The first few days after Will and Ramona had gone were lonelier than any other time in my life. I found myself listlessly walking up and down the halls of the university after and between my classes, wanting human interaction but not finding any, even in the flow of students that swirled around me.
A quote I had read somewhere kept going through my head, “Loneliness is the solitary confinement of the soul.” The bars that held me were made of social constructs and mantras I could not accept and still be me. I watched my peers and wondered how many of them were lonely and how many had sacrificed their individuality to not be lonely. Somehow, those bars did not exist around Will and Ramona.
An envelope with grain and soil samples arrived a few days later; each sample was sealed in a separate ziplock bag. There was a sticky note that said simply, Hi Molly! I stuck it to my mirror and stood there, lost in the memory of my last exchange with Will Morgan.
The afternoon they left, I skipped a class to drive out to the campground where they had been staying.
Will and Ramona were already in their truck, about to drive back to the Morgan farm. I was sorry to see them go.
Ramona handed me four more bottles of their home-brewed beer through her passenger side window. I clutched them to me and walked back to my car, where I put them in my trunk, then I returned to Will's window and preempted his ‘goodbye'.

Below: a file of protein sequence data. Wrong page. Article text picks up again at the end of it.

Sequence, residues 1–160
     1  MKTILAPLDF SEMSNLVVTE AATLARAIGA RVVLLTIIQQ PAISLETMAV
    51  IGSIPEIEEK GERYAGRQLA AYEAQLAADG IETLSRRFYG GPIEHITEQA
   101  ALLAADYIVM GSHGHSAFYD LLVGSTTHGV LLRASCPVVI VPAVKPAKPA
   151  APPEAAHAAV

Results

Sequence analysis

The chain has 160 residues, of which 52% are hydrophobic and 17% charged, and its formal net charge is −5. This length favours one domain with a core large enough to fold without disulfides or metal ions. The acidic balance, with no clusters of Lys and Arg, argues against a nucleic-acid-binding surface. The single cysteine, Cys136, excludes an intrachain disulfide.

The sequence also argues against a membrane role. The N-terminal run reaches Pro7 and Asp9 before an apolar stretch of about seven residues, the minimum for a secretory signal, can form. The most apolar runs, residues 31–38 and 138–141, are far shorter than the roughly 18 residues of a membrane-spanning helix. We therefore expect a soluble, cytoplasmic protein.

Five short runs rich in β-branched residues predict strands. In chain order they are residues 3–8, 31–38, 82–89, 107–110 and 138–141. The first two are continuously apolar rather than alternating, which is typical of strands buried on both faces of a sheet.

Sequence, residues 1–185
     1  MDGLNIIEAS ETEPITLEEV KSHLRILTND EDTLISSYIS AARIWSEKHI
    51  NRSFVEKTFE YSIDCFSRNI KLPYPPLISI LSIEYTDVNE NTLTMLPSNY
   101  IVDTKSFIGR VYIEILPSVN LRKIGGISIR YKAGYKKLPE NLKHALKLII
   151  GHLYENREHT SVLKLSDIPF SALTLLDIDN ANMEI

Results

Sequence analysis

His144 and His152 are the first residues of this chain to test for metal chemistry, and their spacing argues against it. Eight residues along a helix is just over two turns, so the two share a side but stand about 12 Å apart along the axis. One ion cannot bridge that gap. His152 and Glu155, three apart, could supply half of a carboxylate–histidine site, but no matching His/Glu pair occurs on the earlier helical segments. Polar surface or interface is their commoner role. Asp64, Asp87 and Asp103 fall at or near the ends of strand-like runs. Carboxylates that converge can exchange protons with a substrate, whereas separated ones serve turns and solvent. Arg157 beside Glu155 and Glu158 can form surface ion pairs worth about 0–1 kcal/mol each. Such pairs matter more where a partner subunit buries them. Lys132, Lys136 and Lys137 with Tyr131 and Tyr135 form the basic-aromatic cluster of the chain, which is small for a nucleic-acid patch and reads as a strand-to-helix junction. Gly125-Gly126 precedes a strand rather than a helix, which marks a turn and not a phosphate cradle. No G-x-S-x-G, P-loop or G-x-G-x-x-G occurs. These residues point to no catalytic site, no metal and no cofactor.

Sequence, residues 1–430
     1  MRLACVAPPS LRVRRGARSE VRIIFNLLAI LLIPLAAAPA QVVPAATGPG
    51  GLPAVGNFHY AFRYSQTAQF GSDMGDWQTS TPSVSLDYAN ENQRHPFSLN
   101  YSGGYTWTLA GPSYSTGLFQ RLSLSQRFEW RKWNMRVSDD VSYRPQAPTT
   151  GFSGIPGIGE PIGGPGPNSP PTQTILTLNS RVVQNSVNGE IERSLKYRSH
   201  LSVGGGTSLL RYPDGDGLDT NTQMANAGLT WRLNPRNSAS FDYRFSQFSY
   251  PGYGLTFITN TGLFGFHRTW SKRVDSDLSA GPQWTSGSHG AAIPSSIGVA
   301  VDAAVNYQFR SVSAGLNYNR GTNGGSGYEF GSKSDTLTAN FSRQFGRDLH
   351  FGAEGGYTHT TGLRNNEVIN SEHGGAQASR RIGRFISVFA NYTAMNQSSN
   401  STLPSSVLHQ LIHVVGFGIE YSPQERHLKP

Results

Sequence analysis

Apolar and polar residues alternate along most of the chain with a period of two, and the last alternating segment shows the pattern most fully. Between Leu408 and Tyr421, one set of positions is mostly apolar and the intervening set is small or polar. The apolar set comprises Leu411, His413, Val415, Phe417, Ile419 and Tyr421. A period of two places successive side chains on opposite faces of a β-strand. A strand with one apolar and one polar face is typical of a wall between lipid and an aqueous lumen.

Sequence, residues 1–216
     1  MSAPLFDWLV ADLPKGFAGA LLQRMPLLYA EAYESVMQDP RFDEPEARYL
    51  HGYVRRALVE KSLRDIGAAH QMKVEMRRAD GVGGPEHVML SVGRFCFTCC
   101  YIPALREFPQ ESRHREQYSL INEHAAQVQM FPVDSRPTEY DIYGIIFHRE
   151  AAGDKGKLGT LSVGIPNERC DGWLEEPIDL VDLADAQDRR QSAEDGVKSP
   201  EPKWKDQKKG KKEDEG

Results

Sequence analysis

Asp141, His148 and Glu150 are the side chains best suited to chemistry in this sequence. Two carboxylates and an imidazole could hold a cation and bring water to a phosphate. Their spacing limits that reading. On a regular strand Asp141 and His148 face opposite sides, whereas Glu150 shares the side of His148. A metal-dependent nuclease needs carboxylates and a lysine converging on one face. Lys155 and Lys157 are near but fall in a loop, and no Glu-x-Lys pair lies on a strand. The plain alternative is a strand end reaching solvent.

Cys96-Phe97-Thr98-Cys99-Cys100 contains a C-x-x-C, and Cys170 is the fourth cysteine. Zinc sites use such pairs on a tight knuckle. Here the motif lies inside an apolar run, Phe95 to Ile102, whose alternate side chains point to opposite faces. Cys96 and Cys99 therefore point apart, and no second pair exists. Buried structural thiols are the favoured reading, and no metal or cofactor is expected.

“Will, do you happen to have any of your homegrown corn seed with you in the truck?”
He looked down at me from the open window and his smile was quizzical.
“Uh. . . no, I don't think so. Why?”
“I want to look at it—in the lab. You know, my part-time job at the lab? Doctor Meir and I are working on a series of articles on how genetic engineering is influencing the evolution of microbial life and activity. I'd like to look at some grains and soil that have never been influenced by pesticides or genetic manipulation. Could you mail me a few kernels?” I stood on my tiptoes so as to see Ramona as well. She was seated on the other end of the bench seat in the front of the old quad cab truck.
“Sure,” Will replied agreeably. “Do you want a package of dirt too?” His grin made me want to hold onto his brown arm, which rested on the open window, and laugh with him about something, anything.
“Yes, please,” I answered.
“Come to think of it,” he added, “I might send you some wheat too. We buy our wheat, and it's supposed to be non-GM, but I've always wondered if there are any traces of GM in it. Could you look at that too?”
“Sure,” I nodded, bouncing up and down on my toes. “Dr. Meir won't mind. He's really wonderful. I wish you could meet him.”
“How do you know him?” Ramona asked.
“He's a professor at the university, and he's my doctoral advisor. He's not very popular because of his views; most people think of him as being kind of radical. But he's not radical, he's just honest.”
“Okay, we've gotta go,” Will said, pulling his arm away from me. I was forced to realize that I didn't have a grip on it except in my own mind. I nodded and stepped away from the truck.
“We'll see you in a month or so!” Ramona called as they drove out of the parking lot.
Ten days later, I drove toward the air force base, found a parking spot and walked to the lab. My white lab coat swished around my calves. It was too long and brought back a childhood memory that made me smile.
When I was six, my mother bought me a white housecoat for Halloween. She told me it was a “doctor's coat.” I loved that thing and wore it for years, along with my mother's old reading glasses and a stethoscope she found at a secondhand store.